Power struggles are common between teens and their parents as they test their boundaries and experiment with independence. Even when the behavior is normal for their age, the constant arguments can make home feel like a battle ground. Daily fights with your troublesome teen can be damaging, but not holding your ground on important rules can lead to habits that can negatively affect them down the road. Knowing how to neutralize an argument with your child can be one of the most helpful things you can learn as a parent. While each teen is unique, here are a few ideas to get you started:
Stay Calm – Remaining calm when all you want to do is yell can be difficult, but raising your voice can only escalate the situation and let your teen know that he has the power to control your behavior. Whether it is conscious or not, getting you to lose your temper means he has successfully manipulated the situation. You are far more likely to be heard if you stay calm.
Do Not Engage – In some cases, arguments can actually be a productive form of communication as long as they remain under control and move toward a solution. Engaging in an argument on the level of your teen is never going to be helpful if the conversation evolves into yelling, name calling or aggressiveness. Shut everything down temporarily until both parties have a chance to cool off. Explain that you will be willing to talk again when the matter can be discussed calmly and reasonably. Physically remove yourself from the situation if you need to.
Be Consistent – Teens learn quickly when nagging and incessant arguing gets them their way, so it is important be consistent. Make your expectations clear, as well as your final decision and stick to it with a consequence when necessary. Keep in mind that you will be more effective if you carefully consider your answer before you make a call. A compromise is often the best solution, but making that decision after you have already said ‘no’ can be counterproductive.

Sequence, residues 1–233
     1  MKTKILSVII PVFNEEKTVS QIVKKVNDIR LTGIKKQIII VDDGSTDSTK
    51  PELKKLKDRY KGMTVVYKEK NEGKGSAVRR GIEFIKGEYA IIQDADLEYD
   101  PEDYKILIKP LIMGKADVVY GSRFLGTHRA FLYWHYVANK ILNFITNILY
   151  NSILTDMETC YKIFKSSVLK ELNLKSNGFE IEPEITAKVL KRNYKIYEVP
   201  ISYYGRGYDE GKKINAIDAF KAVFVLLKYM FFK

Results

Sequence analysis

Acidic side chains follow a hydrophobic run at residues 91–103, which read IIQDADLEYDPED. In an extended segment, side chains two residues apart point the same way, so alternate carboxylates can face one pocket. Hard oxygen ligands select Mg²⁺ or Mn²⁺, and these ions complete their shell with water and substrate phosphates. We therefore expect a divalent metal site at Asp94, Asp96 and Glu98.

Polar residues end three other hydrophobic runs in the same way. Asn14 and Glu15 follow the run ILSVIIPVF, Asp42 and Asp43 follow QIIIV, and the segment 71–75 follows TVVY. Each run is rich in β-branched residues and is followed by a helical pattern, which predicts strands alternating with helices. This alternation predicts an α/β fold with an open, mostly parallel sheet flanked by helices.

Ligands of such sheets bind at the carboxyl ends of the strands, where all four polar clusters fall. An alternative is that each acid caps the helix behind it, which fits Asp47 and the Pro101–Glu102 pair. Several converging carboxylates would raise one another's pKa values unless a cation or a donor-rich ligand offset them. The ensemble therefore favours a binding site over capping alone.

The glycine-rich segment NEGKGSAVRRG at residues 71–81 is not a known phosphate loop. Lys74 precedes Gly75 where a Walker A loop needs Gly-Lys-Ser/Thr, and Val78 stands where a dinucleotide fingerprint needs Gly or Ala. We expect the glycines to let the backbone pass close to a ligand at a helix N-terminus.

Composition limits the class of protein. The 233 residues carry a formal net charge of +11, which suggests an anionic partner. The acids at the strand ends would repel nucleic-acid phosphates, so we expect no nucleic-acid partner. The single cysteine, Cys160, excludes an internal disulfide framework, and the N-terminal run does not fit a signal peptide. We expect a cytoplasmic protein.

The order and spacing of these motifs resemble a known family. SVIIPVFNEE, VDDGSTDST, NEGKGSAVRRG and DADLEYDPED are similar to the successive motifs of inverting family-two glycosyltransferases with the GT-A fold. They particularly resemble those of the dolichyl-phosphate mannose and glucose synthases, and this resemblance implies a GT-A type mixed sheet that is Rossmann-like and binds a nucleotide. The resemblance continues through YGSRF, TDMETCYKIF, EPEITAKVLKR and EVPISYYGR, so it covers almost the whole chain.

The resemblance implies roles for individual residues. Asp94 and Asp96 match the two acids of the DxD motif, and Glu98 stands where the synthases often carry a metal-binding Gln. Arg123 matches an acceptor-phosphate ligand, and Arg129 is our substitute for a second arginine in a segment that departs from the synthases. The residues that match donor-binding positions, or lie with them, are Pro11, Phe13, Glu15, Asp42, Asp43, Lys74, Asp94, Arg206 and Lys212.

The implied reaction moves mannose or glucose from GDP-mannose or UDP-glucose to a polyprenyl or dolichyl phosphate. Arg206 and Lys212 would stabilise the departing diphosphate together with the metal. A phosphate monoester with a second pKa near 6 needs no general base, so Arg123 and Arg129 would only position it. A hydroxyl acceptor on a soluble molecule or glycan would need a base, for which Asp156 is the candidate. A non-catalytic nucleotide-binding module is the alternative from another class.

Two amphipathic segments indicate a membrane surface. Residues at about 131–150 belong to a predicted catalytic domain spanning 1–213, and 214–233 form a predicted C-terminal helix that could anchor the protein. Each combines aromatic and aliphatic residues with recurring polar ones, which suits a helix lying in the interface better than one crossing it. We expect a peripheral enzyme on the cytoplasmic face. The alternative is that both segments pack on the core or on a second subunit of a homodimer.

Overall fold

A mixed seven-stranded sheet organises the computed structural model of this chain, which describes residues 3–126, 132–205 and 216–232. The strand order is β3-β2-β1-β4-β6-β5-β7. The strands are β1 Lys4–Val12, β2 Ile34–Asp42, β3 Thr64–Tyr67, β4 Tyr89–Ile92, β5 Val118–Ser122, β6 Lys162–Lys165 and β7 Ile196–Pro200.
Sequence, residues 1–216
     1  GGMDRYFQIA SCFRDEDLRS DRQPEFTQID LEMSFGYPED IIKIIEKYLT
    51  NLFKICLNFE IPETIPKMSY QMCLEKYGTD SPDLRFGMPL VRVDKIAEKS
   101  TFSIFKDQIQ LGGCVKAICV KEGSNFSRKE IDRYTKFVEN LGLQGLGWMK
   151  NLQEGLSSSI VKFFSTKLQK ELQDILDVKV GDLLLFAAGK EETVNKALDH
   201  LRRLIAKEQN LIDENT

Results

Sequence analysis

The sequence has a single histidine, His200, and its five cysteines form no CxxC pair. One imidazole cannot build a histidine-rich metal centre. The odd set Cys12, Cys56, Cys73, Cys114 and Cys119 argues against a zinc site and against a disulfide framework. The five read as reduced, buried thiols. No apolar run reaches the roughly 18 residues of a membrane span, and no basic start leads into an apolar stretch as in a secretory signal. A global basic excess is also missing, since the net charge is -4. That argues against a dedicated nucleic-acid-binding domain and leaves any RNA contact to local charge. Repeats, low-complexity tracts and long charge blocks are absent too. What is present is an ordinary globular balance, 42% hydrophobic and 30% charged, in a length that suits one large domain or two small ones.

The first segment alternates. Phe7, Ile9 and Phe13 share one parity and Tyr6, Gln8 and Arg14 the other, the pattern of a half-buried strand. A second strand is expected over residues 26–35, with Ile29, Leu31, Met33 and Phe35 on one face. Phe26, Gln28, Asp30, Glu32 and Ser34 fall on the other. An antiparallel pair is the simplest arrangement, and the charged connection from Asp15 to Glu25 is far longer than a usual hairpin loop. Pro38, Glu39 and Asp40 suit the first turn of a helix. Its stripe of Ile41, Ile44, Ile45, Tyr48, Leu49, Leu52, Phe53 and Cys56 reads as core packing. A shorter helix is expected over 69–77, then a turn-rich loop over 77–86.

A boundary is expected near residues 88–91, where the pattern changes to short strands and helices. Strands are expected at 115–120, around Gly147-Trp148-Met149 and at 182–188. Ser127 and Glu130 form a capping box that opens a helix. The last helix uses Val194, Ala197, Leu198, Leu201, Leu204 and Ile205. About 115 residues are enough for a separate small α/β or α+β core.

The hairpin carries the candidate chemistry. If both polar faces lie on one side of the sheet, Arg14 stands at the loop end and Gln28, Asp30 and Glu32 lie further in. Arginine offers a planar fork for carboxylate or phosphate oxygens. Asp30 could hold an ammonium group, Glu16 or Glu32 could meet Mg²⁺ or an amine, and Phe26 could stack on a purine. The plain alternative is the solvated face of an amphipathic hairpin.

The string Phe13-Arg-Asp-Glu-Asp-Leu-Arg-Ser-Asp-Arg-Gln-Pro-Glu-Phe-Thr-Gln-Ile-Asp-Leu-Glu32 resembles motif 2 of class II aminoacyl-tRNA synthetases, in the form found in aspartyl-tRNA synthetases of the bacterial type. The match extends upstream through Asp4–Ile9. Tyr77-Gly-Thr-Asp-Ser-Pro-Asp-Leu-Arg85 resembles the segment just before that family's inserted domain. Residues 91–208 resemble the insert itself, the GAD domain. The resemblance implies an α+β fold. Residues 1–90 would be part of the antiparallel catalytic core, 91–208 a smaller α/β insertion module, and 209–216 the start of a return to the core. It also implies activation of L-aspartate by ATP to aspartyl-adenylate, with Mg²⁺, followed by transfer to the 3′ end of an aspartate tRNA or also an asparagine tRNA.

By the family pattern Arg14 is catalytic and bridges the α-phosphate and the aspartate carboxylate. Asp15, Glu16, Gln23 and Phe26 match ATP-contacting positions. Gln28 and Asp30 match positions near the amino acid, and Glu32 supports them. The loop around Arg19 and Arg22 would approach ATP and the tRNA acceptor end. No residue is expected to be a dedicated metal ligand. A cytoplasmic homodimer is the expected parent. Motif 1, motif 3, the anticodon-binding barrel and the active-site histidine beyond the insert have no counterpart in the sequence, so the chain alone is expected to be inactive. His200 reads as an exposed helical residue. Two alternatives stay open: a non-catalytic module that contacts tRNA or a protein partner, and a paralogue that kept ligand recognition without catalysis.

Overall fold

Turn Questions Around – Teens often argue in endless questions as a way to wear their parents down, i.e. “why can’t I have any more screen time? Why do we have such dumb rules?” Reflecting your child’s feelings and turning the question around can often put a stop to the debate. For instance “why do you think you aren’t allowed to play on the computer all day?” This technique reinforces your rules while also putting the conversational ball in his court. Lengthy explanations may make sense to you, but will be lost on a teen that is busy thinking up his next response instead of listening.
Apologize When Necessary – Everyone is wrong sometimes and while it is humbling, it can help your overall communication with your teen when he sees that you are willing to admit a genuine mistake. A child that sees his parents apologize when they are wrong is more likely to trust their verdict in the future. While occasional mistakes are inevitable, you should still carefully when and where to admit fault, so that you aren’t constantly backtracking and making your word meaningless.
Your arguments with your child not only handle day to day issues, but also teach him how to handle conflict in an effective way. Resolving issues openly; using successful tactics will give your teen an example to model as he learns how to deal with challenges.
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